I am sorry to disappoint you if the title has prompted anyone to expect a dissertation on ladies clothes or footwear, fascinating though the subject may be. The following is merely my opinion on the changing fashion of books and what readers, writers and, most importantly, publishers seem to prefer at the present time, compared with one hundred years ago, or even thirty. I may be wrong in my conclusions, and limited in my experience of publishers, so I shall be interested to hear what other people think.
Recently we have been celebrating the birth of Charles Dickens in 1812 so perhaps we could start with his style of writing. My mother was a great lover of Dickens’ novels because she felt he made the people and places seem so alive and real. Due to her influence I started reading them when I was at school and I enjoyed them then. I am not sure whether I would have the patience to read some of them now. There is no doubt that he painted very real pictures in our minds with his (often lengthy) descriptions of scenes and characters. He made us share the dread of poverty and the possibility of the workhouse. We heard the clatter of horses’ hooves as they drew the wealthy in their carriages. The stench of the gutters seemed to invade our nostrils and the moorland mist with the lurking of an escaped prisoner (in Great Expectations) created an atmosphere of tension and fear. He was equally good at drawing his characters, making us like some, and loathe others, share their satisfaction and anticipation, or disappointment and grief. Neither he nor his publishers shied away from life in the raw.
Most readers today want to experience the emotions and see the settings in their mind but do they have the time and patience to read through several paragraphs of scene description? Many prefer to jump straight into the story discovering the “who”, “when”, “where” and “why” in the first paragraph. “Aim to grab the readers’ interest in the first paragraph” is advice now given to new writers. In spite of all the modern gadgets which are supposed to make life easier time often seems too short. Also there are so many other distractions in the form of television, Sunday shopping, football matches and other sports, to name but a few. Many people still enjoy a “good read” but curling up for a few precious hours of peace with a good novel no longer has the same appeal in busy lives. Some read in snatches while travelling on the train, bus or tube.Recently one author, with over forty published novels, was preparing her early stories for uploading as digital editions for e-readers. She was surprised to find she had been so verbose when she began writing and she is determined to change them. `Why did my editor let me get away with it?’ she asks. This is what I mean by changing fashion. Longer descriptions and a scattering of adverbs and adjectives were perfectly acceptable thirty years ago. Today many publishers, including mine, have very set rules about the length of novel they will accept. Is this changing fashion due to the influence of readers who prefer shorter novels and short story collections? Or is it the economics of production and cost of storage? Paper is expensive and we are all under continual pressure to consider resources and the future of the planet.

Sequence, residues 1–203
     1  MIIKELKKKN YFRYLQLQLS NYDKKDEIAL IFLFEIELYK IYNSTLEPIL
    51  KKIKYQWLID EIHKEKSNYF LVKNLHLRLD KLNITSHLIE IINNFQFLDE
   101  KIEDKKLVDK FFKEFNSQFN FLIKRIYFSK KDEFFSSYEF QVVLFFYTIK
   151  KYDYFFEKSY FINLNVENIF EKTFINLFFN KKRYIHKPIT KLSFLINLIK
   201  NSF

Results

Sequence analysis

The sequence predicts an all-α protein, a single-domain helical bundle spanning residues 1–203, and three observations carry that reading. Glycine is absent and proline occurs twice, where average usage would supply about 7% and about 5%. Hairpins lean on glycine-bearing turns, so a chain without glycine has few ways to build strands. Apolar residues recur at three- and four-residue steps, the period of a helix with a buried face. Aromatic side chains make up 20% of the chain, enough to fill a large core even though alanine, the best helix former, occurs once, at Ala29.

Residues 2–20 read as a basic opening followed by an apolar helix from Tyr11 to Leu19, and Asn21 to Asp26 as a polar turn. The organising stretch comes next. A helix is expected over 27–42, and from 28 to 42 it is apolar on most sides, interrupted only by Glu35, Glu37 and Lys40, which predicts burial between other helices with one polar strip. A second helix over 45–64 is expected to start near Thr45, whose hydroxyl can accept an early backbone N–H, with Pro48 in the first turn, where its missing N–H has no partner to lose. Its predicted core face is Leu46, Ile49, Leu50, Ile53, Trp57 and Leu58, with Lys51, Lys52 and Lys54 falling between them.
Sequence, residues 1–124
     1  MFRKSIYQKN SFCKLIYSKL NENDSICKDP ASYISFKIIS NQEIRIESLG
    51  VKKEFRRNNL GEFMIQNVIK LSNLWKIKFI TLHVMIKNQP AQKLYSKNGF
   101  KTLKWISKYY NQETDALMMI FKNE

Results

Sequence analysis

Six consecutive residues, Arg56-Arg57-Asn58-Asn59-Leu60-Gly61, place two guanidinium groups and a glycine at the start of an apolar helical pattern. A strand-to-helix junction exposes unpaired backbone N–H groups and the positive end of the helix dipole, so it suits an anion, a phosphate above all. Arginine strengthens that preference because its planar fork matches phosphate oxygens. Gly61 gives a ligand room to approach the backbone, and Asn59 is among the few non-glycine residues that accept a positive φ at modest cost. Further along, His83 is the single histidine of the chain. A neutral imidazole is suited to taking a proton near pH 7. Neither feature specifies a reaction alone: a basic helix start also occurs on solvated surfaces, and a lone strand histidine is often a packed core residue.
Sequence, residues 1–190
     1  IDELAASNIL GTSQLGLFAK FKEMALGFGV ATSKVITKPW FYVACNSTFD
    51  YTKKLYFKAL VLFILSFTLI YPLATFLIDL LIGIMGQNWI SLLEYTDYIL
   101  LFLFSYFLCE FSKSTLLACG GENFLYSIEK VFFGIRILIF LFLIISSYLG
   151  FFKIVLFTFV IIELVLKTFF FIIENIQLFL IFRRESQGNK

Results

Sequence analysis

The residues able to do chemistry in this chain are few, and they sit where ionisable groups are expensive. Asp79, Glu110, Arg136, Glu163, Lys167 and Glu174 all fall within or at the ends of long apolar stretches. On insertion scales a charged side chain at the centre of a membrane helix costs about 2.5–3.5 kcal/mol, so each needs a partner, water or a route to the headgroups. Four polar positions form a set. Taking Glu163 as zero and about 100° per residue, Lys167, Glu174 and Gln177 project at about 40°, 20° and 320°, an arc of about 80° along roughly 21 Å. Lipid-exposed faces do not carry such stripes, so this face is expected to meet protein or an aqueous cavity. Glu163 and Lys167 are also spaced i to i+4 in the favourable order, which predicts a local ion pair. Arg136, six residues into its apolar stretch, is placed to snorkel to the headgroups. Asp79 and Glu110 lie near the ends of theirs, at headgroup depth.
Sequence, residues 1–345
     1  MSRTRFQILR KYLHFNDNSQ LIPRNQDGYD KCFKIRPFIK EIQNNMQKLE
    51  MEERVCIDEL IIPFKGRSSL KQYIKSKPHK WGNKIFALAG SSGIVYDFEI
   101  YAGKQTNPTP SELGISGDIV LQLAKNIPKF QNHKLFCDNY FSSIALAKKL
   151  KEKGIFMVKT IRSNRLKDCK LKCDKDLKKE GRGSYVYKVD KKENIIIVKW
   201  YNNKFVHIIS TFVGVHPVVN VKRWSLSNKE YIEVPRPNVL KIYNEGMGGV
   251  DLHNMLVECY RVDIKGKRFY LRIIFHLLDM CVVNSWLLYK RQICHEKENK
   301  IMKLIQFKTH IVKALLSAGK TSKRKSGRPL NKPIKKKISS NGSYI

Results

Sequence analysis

What do other people think? Do fashions change when it comes to books?